Animal derived ingredients in paint and art supplies

Vorige Item 6 of 8 Volgende

september 14 2019

I haven't always been aware of the fact that a lot of animal derived products are used in art supplies and I'm not the only one! In this blog I'll give you an overview of the animal derived products used in pigments, paints, indian ink, crayons and pencils, paper, canvases, gesso and paint brushes. 

Pigments  

Carmine is an intense red color that is derived from the blood of cochenille lice. The color is used in paints as well as cosmetics and as a pink food colorant (additive E210). Cochenille lice live on on a cactus species called prickly pear and most plantations are situated in Latin America. There a box of impregnated cochenille insects is placed onder each cactus and left to feed on the cactus, grow and multiply. When they have reached their maximum size they are harvested with air compressors. The plants are then left to recuperate for a couple of months before they are infested again.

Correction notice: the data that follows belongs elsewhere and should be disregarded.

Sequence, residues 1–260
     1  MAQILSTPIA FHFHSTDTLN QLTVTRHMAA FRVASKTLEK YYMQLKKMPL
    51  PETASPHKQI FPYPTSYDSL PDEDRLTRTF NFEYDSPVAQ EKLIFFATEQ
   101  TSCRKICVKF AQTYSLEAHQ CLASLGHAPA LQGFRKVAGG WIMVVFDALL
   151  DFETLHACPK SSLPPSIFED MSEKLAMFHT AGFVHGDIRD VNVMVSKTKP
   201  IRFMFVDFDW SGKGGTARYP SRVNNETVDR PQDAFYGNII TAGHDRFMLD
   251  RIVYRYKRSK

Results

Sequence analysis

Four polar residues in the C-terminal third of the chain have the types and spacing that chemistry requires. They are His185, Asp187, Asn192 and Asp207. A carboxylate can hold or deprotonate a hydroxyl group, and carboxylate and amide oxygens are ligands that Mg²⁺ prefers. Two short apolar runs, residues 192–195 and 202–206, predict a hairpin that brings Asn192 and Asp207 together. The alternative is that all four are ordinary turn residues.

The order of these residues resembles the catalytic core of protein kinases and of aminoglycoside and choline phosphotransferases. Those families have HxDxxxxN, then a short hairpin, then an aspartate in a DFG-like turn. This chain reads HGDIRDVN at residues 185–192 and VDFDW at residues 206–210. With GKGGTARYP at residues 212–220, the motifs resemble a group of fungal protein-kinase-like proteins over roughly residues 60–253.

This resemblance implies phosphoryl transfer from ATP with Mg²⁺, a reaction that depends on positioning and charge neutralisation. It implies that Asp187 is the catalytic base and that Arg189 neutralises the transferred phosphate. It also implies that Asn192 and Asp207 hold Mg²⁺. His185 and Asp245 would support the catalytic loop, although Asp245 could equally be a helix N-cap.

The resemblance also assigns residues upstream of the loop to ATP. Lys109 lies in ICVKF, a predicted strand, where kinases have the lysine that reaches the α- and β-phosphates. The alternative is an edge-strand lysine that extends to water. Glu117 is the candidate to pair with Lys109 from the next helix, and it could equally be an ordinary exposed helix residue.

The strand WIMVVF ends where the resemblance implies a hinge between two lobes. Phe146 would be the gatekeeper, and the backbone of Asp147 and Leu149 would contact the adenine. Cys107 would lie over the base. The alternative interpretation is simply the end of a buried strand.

Bone black has been used for centuries and is also still being used in paints. Bone black is a carbon pigment that is made by charring animal bones. The bones, usually from cows, are heated up to 700 degrees Celsius (1292 Fahrenheit) with a low oxygen concentration. Bone black is also sometimes calles ivory black, because formerly this pigment was made from ivory. Nowadays the use of ivory is prohibited. Bone black can also be found in colors that consist of a mix of pigments, such as paynes gray.

Sepia is a pigment with a dark brown color that is taken from the cuttlefish ink bag. Sepia is the Greek word for cuttlefish, a kind of squid. The pigment was invented by professor Jacob Seydelmann from Dresden, who developed a process at the end of the 18th century that allowed him to turn the ink into a usable pigment. 

Eggshell white is not widely used, but is available here and there. It is made from ground eggshells.

Rarer but also stil available is tyrian purple, also known as tyrian red or imperial purple. This deep purple color is secreted by the gland of Murex snails. For one gram of pigment, thousands of snail are needed, which makes this pigment extremely expensive (over 2500 euro per gram). For that reason it is not used commercially. Tyrian purple was first used by the Romans arouns 1570 BC. Because of it's expense, it was a status symbol. The color was used to dye clothes that were only allowed to be worn by men with power.  

I was shocked to learn that between 1600 and 1800 even human remains were used as pigments. The color 'mummy brown' was made of actual mummies... gross! 

Additives in watercolor paint